Friday, February 20, 2015

#1000Speak: One Line To Sum Up Compassion

A month ago I was invited, along with over 1,000 other bloggers, to write on the subject of compassion on February 20. I've been thinking a lot about compassion since then: self compassion, compassion for others, compassion for our planet, compassion for those that suffer. The need for compassion is all around. I had a very long, heart felt essay going on compassion for moms. However, it wasn't something that really got to me. So I stopped thinking about compassion and how I have compassion.

One line sums up my view of compassion:

You never really understand a person until you consider things from his point of view, until you walk a mile in his shoes.

I never really understood compassion until I became a mom. I didn't like being judged every time my child misbehaved in public or receiving glares when my baby screamed. What I hated even more was people assuming they knew my life, my struggles, what I wanted or needed, and people second guessing my decisions as a parent. It was then that I fully understood compassion, how to fully show other's compassion, and most importantly to stop judging anyone and everyone.

 I adapt this one line to my every day life.

When a child is crying or upset, no matter how ridiculous it seems that they're crying over a dropped piece of broccoli, show compassion rather than anger. When a child cries because they stubbed their toe, identify with their pain and kiss their tears away. When a child is happy, share in his happiness. When I don't necessarily agree with someone's parenting choices, yet supporting them because I don't know what it's like to be in their shoes. When a fellow mom is having a rough day and I offer encouraging words or a story of my own to let her know I get it. When I see someone struggling, offering a simple smile, because sometimes that's all one needs. I teach my kids compassion everyday: the benefits of recycling our cans, bottles, and boxes. To help each other when they need help. To encourage each other when encouragement is needed. To use kind words. To love and care for our pets.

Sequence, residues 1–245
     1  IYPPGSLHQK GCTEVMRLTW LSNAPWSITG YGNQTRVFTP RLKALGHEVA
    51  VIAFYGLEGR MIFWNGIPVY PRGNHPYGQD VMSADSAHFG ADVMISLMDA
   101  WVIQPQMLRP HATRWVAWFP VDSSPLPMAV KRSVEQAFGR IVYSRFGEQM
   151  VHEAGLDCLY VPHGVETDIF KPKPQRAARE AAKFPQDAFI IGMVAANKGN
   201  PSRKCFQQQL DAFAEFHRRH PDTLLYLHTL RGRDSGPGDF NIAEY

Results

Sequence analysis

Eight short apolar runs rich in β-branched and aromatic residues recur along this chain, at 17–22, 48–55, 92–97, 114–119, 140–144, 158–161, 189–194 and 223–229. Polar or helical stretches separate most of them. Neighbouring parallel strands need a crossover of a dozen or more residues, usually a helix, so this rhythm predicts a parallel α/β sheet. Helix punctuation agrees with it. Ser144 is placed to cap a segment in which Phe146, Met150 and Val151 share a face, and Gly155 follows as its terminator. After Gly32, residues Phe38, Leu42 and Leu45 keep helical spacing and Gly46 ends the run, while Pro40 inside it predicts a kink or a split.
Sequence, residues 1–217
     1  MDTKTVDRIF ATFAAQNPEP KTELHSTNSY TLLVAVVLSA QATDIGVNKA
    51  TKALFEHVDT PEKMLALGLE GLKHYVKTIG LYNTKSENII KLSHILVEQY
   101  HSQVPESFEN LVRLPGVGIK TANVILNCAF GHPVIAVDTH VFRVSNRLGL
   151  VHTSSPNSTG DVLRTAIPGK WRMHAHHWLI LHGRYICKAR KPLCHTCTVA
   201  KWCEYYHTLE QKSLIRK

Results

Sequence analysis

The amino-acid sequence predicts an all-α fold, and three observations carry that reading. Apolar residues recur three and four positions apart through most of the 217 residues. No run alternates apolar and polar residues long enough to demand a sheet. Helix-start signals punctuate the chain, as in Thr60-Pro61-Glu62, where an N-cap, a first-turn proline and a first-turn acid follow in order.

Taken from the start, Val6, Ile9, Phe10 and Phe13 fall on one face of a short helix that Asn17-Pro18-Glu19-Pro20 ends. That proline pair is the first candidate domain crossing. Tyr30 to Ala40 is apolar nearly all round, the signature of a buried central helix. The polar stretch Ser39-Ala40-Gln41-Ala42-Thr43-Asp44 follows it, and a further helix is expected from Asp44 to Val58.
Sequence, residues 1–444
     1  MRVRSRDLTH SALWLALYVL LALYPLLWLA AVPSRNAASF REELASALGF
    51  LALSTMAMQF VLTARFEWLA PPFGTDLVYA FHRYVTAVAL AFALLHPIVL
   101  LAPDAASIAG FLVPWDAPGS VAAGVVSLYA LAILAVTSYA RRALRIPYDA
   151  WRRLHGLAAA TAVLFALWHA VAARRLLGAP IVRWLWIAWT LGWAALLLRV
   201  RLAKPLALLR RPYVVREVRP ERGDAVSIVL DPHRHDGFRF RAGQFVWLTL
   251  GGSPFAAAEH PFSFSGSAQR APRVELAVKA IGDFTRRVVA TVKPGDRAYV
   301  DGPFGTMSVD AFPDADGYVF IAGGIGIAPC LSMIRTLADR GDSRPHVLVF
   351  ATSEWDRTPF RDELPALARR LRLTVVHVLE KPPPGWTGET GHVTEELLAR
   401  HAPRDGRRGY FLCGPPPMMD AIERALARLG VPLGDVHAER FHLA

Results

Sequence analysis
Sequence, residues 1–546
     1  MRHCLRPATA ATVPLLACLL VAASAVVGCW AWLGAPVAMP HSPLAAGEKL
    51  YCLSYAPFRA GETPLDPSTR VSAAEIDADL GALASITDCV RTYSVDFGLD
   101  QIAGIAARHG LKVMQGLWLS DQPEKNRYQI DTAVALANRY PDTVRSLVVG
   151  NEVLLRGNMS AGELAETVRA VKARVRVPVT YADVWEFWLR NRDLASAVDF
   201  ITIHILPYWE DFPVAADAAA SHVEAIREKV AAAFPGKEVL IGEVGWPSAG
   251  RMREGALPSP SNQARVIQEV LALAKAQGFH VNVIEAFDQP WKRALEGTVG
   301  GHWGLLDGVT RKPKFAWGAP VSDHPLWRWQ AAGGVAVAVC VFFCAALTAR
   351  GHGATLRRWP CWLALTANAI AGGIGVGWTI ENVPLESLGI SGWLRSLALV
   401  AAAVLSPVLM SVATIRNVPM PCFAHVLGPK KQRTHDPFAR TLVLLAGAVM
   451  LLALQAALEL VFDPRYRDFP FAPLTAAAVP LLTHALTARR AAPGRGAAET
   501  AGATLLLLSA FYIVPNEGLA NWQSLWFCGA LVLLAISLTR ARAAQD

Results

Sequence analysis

Whenever I feel myself becoming Judgey McJudgerson, I repeat this to myself: You never know how you would react, what you would do, what you would say, until you were in their shoes. Until you lived their life.

How do you show compassion? How do you receive compassion? What does compassion mean to you?